The dales were a healthy race, but one or two of the Tredgolds had died of consumption.
It was three years since I had seen the dales, father and daughter.
There should certainly be hills and dales,—on a small scale; and above all, there should be running water.
"Steady, Ned, for the good name of the dales," cried a Yorkshireman.
Gentle hills and dales, shady groves and mossy glens surrounded the house, which was a very good one.
For, miss, the history of the dales is almost bound up with the history of the Kings.
Over it all lies that haze of luminous gold that the sunshine gives to these dales.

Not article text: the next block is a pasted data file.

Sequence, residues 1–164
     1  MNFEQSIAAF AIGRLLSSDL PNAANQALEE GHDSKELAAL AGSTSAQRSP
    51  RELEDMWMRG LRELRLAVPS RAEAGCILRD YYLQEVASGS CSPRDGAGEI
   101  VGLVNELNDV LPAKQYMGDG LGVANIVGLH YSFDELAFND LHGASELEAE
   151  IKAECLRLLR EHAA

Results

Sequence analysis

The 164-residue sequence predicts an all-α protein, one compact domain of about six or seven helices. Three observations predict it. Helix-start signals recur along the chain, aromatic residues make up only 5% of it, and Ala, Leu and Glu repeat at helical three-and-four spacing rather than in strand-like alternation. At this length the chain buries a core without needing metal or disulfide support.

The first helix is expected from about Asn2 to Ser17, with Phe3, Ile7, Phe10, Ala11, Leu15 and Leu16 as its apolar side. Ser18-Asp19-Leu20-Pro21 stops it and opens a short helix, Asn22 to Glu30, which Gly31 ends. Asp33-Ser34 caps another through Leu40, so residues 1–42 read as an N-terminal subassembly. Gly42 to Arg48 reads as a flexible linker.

If there is a family on this earth that I have been proud to have to do with, it is that of the dales.
In that rocky mountain you will find three dales, one of which is very deep, those are the dints made by your hammer.
She had been born and bred in this land of the dales and fells, under the shadow of Thundergay.
Old English dæl "dale, valley, gorge," from Proto-Germanic *dalan "valley" (cf. Old Saxon, Dutch, Gothic dal, Old Norse dalr, Old High German tal, German Tal "valley"), from PIE *dhel- "a hollow" (cf. Old Church Slavonic dolu "pit," Russian dol "valley"). Preserved from extinction by Norse influence in north of England.
Dale (dāl), Sir Henry Hallett. 1875-1968.
British physiologist. He shared a 1936 Nobel Prize for work on the chemical transmission of nerve impulses, particularly for the isolation and study of acetylcholine (1914).